1. We demand the immediate release of the political prisoners in our country, particularly our indigenous Tzotzil compañero Alberto Patishtán, who has been unjustly imprisoned for 13 years and is serving an illegal 60-year sentence. We also demand the freedom of our six Nahua brothers from the community of San Pedro Tlanixo, unjustly imprisoned for 10 years in the Almoloya Prison for defending their community’s water. These include our brothers Pedro Sánchez, serving a 52-year sentence, Teófilo Pérez, serving a 50-year sentence, Rómulo Arias, serving a 54-year sentence, and the compañeros Marco Antonio Pérez, Lorenzo Sánchez and Dominga González who are currently being processed. We also demand the cancellation of the arrest warrants against Rey Perez Martinez and Santos Alejandro Álvarez, also from Tlanixco; the release of our imprisoned compañeros from the Tzeltal community of Bachajón, Chiapas, Miguel demeza Jiménez and Antonio Estrada Estrada; the release of our Loxicha compañeros Eleuterio Hernández García, Justino Hernández José, Zacarías Pascual García López, Abraham García Ramírez, Fortino Enríquez Hernández, Agustín Luna Valencia, and Alvaro Sebastián Ramírez, imprisoned in the CEFERESO number six in Huimanguillo, Tabasco; and the release of Pablo López Álvarez from San Isidro Aloapan, Oaxaca, prisoner at Villa de Etla.

2. We denounce the bad governments and the transnational corporations which have utilized paramilitary groups in order to impose extractive megaprojects through the illegal exploitation of minerals and precious woods, particularly on the Nahua coast and Purépecha plateau of Michoacán, and in the Nahua community of Ayotitlán in the Manantlán Sierra of Jalisco.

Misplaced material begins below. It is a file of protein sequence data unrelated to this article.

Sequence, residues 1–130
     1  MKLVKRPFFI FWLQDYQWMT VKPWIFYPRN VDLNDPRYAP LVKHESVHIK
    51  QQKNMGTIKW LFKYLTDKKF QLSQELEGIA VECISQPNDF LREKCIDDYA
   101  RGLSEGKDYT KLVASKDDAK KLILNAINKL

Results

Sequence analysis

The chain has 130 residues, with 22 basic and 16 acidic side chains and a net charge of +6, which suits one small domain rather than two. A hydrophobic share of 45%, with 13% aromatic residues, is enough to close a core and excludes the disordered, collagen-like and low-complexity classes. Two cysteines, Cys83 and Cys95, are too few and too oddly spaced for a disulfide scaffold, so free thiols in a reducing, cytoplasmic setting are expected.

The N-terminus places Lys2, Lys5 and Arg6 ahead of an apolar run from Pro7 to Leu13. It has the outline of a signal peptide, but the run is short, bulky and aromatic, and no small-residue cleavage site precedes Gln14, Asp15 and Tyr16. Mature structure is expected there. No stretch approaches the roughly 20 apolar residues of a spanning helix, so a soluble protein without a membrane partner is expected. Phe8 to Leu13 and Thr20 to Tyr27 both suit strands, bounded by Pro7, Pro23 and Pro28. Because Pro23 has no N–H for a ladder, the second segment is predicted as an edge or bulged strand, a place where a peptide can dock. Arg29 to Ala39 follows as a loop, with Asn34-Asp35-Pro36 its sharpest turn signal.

3. We demand justice for the Nahua community of Santa María Ostula, on the Michoacán coast, where the bad governments in collusion with the narco-trafficking cartels have allowed the plunder of the community’s ancestral lands, the looting of natural resources by organized crime groups, and the bloody repression of communal organization that has led to murders and disappearances.

4. We salute the historic struggle of the community of Cherán, Michoacán, and the dignified exercise of the right to self-defence that has flourished among the Purépecha people defending their lives, their families, their culture and their territory. They have faced the threats created by the complicity of the bad governments with paramilitary groups and narco-paramilitaries with demands for security, justice, and the reconstitution of their territories.

5. We also salute the dignified defence of the indigenous communities and neighbourhoods that continue to practice their traditional knowledges and the cultivation of native maize.

6. We repudiate the repression against the Ikoot people of San Mateo del Mar and San Dionísio del Mar, and against the Binniza people of Juchitán and Álvaro Obregón. We demand the immediate release of Alejandro Regalado Jiménez and Arquímedes Jiménez Luis, as well as the immediate cancellation of the wind energy corridors under the control of the Spanish companies Endesa, Iberdrola, Gamesa, and Unión Fenosa, which are invading and destroying communal lands and sacred sites of the above-mentioned peoples in the Isthmus region.

7. We demand an end to the repression against the community of San Francisco Xochicuautla in Mexico State, as well as the definitive cancellation of the Toluca-Naucalpan private highway project. We also support that community’s appeal for precautionary measures made to the Interamerican Human Rights System.